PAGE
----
Muscle and/or joint-related pain are among the most common reasons that people see their doctor. Part of the physician’s job is to determine causes of the pain. However, this can be difficult as there are many causes and types of pain as well as a variety of underlying pathologies. One of our goals is to understand why patients develop chronic pain because of acute trauma (e.g., whiplash, concussion, surgery). Another goal is to understand pain in patients who have osteoarthritis and may require joint replacement surgery. In collaboration with the University of Toronto, Toronto Western Hospital, and St. Joseph’s Healthcare Hamilton, we aim to characterize ‘patient phenotypes’ among total knee replacement candidates, including identifying potential surgery non-responders.
Duarte FCK, Hurtig M, Clark A, Simpson J, Srbely JZ, Association between naturally occurring spine osteoarthritis in geriatric rats and neurogenic inflammation within neurosegmentally linked skeletal muscle. Exp. Gerontol. 2019; 118:31-38.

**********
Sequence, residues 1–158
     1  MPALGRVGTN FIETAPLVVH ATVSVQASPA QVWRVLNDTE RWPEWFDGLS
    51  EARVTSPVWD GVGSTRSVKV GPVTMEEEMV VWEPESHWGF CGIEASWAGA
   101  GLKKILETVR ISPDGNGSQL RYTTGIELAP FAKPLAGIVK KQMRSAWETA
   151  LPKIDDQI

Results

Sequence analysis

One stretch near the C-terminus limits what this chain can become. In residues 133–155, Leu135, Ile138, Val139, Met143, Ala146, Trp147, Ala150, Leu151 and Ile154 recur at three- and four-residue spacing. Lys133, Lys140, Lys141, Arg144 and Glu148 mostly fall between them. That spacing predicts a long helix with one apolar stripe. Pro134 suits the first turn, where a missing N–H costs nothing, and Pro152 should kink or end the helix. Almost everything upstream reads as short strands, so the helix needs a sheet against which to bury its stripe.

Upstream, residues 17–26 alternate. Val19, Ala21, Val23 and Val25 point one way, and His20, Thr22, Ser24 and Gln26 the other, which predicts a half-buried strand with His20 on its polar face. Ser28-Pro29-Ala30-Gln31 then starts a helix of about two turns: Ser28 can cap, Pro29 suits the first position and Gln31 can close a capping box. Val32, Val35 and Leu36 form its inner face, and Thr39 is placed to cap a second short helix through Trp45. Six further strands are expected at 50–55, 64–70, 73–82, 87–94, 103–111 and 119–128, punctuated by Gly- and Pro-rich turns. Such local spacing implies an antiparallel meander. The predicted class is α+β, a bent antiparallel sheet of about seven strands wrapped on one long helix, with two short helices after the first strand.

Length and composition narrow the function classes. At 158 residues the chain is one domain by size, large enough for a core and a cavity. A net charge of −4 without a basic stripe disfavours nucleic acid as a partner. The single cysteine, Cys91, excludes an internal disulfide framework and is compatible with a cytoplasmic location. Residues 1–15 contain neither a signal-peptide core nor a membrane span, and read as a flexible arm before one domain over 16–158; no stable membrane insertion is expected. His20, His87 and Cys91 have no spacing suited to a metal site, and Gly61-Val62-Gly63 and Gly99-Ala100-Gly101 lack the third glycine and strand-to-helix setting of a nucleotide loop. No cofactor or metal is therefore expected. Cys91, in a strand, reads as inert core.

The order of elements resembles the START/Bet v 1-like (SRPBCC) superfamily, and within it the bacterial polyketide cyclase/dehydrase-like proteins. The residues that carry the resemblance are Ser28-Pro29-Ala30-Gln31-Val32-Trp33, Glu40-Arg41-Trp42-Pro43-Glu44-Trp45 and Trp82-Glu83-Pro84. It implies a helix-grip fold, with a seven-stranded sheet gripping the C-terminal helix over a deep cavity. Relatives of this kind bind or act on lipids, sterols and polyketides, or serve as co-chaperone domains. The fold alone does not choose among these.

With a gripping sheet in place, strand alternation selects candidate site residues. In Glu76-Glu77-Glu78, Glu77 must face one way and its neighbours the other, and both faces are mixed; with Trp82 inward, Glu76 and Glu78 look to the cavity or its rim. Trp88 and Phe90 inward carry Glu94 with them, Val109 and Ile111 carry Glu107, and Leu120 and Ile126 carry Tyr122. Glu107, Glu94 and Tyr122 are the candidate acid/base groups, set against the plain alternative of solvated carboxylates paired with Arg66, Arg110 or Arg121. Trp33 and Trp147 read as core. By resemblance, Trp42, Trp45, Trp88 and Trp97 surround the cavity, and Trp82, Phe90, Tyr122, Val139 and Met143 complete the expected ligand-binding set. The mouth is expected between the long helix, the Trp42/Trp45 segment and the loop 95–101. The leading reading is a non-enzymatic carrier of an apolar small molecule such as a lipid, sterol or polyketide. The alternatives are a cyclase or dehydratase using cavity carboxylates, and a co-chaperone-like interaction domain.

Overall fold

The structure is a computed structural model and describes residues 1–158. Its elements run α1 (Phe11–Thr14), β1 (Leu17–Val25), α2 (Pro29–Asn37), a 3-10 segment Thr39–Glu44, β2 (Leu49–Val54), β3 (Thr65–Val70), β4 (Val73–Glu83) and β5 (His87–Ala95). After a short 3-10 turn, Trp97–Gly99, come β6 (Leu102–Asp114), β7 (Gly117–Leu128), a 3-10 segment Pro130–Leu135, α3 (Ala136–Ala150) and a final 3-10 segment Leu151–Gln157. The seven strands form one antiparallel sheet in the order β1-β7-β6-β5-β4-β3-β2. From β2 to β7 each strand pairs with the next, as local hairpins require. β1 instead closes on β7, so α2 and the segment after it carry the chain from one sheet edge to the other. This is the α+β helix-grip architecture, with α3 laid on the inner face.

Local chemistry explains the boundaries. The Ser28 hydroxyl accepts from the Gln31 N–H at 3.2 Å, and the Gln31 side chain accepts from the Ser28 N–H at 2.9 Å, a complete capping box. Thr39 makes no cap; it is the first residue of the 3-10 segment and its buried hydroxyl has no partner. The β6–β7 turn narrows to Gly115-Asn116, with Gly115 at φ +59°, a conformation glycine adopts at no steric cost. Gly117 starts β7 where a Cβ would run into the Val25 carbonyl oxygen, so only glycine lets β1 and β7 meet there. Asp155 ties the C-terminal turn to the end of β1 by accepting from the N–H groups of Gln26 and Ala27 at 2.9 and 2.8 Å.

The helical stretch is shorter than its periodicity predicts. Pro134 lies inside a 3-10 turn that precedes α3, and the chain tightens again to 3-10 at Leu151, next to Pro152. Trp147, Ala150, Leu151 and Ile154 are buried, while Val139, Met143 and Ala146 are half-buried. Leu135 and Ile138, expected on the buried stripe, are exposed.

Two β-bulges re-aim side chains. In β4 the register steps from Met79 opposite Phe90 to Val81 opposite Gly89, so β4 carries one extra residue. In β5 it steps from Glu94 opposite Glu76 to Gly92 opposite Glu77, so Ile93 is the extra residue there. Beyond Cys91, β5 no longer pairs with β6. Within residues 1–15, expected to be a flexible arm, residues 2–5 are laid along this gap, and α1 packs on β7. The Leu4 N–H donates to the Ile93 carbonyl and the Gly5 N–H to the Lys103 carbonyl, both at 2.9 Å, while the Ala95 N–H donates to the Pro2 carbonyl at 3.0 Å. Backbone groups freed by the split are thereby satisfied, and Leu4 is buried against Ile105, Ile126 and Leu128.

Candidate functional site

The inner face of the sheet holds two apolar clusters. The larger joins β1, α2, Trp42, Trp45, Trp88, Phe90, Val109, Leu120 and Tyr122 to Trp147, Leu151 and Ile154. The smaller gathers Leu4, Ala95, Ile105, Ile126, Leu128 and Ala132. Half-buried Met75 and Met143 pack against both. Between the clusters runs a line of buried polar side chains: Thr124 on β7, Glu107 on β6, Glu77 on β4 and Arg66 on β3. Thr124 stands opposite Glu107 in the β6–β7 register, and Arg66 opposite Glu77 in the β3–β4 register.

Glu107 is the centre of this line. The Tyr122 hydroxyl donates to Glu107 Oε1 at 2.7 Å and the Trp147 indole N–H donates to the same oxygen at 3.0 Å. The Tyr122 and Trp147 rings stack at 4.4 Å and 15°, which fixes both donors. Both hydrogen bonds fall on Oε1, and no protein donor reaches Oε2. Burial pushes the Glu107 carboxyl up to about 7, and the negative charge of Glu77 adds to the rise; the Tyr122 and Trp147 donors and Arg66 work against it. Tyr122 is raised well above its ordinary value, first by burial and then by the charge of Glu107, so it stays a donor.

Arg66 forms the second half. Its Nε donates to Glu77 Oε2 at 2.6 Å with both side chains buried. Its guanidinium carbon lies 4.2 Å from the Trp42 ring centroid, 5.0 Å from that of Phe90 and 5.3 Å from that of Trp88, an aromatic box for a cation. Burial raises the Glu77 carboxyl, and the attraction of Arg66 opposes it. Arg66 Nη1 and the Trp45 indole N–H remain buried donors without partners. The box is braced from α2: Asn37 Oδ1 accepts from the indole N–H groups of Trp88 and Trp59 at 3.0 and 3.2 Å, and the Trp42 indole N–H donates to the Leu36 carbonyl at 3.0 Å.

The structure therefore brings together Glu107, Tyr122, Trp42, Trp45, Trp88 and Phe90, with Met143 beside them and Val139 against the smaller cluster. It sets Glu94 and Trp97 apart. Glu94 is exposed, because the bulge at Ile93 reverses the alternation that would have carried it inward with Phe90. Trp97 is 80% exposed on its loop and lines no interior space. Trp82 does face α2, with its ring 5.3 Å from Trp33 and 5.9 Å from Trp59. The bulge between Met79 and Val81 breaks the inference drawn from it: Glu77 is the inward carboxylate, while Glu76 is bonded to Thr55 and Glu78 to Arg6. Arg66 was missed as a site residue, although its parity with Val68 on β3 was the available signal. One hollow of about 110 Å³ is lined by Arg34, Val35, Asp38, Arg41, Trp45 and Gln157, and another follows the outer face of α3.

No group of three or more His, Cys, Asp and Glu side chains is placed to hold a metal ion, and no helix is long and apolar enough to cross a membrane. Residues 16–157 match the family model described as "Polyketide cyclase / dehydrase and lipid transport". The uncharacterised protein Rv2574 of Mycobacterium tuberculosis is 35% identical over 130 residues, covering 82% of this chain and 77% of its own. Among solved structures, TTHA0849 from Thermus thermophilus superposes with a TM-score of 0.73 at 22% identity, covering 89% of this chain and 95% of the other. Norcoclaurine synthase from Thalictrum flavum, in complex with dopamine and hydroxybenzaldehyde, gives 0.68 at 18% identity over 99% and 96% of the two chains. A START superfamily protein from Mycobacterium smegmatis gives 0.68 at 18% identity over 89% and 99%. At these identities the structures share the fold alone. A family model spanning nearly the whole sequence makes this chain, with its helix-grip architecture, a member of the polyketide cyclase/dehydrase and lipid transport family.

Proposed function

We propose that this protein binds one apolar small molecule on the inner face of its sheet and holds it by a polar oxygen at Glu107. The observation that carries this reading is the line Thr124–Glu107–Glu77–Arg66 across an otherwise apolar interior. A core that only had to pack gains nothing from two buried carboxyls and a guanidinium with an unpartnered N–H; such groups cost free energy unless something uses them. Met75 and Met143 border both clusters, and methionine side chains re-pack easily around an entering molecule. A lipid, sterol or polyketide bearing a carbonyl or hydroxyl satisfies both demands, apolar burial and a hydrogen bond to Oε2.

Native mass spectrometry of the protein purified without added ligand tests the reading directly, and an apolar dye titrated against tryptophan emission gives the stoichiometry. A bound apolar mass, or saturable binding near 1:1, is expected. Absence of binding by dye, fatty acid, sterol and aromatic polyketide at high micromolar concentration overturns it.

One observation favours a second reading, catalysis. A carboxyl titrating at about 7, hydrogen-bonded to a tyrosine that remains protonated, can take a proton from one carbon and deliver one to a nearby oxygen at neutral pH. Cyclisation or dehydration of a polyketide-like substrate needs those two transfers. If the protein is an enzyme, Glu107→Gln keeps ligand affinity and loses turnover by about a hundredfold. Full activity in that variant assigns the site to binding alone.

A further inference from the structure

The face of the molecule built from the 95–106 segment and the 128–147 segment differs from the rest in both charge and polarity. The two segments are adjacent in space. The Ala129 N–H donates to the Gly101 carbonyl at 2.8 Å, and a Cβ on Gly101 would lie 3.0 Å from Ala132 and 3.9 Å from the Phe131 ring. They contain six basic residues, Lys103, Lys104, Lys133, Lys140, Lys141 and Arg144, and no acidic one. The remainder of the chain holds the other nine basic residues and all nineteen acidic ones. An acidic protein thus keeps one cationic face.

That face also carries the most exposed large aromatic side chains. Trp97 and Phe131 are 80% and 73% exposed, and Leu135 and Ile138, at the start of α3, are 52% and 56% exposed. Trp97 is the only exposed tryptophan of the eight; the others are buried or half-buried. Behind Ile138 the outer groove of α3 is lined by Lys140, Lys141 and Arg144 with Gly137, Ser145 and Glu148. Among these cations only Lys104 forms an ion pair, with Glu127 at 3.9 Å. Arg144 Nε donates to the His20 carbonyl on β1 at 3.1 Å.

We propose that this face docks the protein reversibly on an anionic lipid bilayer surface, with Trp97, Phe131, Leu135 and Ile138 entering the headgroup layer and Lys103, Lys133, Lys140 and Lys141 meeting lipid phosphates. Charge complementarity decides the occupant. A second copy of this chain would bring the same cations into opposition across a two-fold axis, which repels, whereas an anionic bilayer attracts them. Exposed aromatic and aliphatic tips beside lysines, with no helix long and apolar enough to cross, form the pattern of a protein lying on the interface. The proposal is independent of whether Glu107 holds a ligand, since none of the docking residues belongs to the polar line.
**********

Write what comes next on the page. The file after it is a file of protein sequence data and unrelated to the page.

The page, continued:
Grosman-Rimon L, Parkinson W, Upadhye S, Clarke H, Katz J, Flannery J, Peng P, Kumbhare D. Circulating Biomarkers in Acute Myofascial Pain: A Case-Control Study. Medicine 2016;95(37):4650.
Rathbone ATL, Tharmaradinam S, Jiang S, Rathbone MP, Kumbhare DA. A review of the neuro- and systematic inflammatory responses in post concussion symptoms: Introduction of the “post-inflammatory brain syndrome” PIBS. Brain, Behavior, and Immunity: 46: 1–16, 2015.
Kumbhare DA, Parkinson W, Dunlop RB. Validity of serum creatine kinase for measuring muscle injury in lumbar surgery. Journal of Spinal Disorders and Techniques: 21(1):49-54, 2008.